So, this week’s headline: incredibly busy week of work that unfortunately consumed my weekday evenings as well as my weekday days, but I spent the weekend attempting to fix the compiling-to-exe problem – although sadly without success. However, thanks to some great comments on the previous entry which I’ve since followed up with my own investigations, I’m reasonably confident the issue lies in x32 / x64 compatibility between the various things I’m using – my laptop, Python 2.7, py2exe, libtcod, etc. However, shifting them all to x64 (which my laptop is) OR shifting them all to x32 don’t seem to solve the problem – and indeed, to my frustration, one of these changes seems to have sent things backwards, with executables no longer compiling on my system, and despite restoring everything there are still new sets of issues.
If you are reading this and thinking “my god, how can someone who made this game struggle so much on the final hurdle?!” – this is the problem that comes from not having a computer science background. My undergraduate was in politics & sociology, my PhD in sociology; I’ve since worked in sociology, computer science, political science and now media & communications academic departments, but I haven’t a shred of actual training in computer science. I have been able to teach myself Python to a reasonably-high level to create a game like this, but that’s all contained within Python, as a closed system. As soon as we start dealing with different hardware specifications and file types and libraries my mind just goes to mush. And if you’re an experienced programmer and you read that thinking “but that stuff is trivial!” – that only proves my point. The lack of any formal education in computer science has – I think – allowed me to build a game that is very different in a number of interesting ways precisely because I’ve taught myself and learned and developed ideas in such a strange, haphazard way – but the downside of that same absence is that I am simply stumped when it comes to problems like these.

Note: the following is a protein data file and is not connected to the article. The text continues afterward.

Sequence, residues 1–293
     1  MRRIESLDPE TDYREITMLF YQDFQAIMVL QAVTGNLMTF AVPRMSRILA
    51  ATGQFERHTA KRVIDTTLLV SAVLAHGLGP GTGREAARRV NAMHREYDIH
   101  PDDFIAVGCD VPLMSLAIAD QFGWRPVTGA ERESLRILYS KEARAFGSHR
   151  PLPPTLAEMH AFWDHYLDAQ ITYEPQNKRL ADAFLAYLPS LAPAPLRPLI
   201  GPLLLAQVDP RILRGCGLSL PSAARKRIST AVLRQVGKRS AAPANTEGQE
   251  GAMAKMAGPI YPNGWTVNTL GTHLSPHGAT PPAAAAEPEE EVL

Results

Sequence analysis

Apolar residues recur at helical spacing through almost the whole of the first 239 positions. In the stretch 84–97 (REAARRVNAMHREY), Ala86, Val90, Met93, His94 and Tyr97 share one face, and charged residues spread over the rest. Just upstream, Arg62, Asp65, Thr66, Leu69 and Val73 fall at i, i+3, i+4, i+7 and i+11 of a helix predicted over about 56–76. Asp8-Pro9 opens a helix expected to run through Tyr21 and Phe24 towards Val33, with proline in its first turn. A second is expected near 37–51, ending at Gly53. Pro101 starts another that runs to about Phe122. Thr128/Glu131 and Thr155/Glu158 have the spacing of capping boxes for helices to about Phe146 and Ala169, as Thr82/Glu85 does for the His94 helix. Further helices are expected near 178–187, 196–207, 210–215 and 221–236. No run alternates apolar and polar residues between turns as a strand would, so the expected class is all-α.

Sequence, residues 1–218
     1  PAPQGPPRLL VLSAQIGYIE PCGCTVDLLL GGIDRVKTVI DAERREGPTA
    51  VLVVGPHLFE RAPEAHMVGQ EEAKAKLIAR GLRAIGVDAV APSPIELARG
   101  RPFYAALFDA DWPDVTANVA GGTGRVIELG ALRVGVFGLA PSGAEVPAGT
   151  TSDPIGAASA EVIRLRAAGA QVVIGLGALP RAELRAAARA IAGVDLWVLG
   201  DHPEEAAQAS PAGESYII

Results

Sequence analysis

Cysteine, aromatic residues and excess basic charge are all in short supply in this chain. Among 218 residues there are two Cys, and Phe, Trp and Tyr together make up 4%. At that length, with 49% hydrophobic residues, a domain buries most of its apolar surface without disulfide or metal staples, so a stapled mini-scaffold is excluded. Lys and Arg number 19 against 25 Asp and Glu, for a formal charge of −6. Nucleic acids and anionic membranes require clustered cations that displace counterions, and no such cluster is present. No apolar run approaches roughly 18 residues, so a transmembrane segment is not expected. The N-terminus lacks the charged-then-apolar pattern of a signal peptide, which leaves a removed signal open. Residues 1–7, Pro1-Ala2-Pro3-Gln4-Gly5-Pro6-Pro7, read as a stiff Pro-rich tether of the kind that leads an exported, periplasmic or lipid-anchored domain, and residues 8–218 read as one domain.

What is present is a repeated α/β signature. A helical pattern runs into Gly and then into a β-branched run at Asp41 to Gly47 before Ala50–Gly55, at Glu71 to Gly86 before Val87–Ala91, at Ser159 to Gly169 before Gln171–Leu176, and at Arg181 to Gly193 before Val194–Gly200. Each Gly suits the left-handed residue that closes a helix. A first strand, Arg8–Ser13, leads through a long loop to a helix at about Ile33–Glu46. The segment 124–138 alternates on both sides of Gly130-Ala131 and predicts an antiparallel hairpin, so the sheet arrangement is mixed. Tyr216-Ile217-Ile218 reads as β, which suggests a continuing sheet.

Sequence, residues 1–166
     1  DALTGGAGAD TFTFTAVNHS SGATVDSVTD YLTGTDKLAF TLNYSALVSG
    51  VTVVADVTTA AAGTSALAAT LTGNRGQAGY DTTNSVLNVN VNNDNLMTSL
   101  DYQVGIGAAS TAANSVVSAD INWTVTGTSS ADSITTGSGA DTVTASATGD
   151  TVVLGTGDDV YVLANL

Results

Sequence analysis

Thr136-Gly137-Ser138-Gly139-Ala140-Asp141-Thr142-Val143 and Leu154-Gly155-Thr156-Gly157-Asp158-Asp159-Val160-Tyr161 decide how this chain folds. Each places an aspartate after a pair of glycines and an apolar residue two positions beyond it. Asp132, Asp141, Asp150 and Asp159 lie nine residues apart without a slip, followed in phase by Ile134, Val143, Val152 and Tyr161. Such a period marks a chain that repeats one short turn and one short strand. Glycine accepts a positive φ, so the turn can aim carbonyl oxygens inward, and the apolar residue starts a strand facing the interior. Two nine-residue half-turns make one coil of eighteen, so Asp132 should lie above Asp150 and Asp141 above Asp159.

But the simple fact is that I am at the limit of my competence here, so I’ve done the only thing appropriate: I have now reached out to some people who Know Their Stuff about a thousand times more than I do, and I’m hopeful they’ll be able to resolve the situation. Thank you all so much for being patient – I’m doing everything I can to get this final issue fixed. I don’t think I am one of those people who “finds it hard to ask for help”, but I do always prefer to try to fix things myself. However, this weekend has made me acknowledge defeat on this front. Whatever changed in Windows 10 in the past year to result in people telling me 0.7 no longer works on it (it worked fine on Win 10 for the first three/four years!) is beyond my ability to figure it out, so it’s time to go to the experts. Let’s get URR 0.8 packaged and out there – and who knows, maybe I’ll even learn a little bit about Python in the process…! However, if this doesn’t work, it appears that the other Python -> executable libraries simply aren’t working these days with 2.7 and Win 10 because 2.7 is now no longer supported… so my backup plan is to upgrade URR to Python 3.
Either way: more as soon as possible.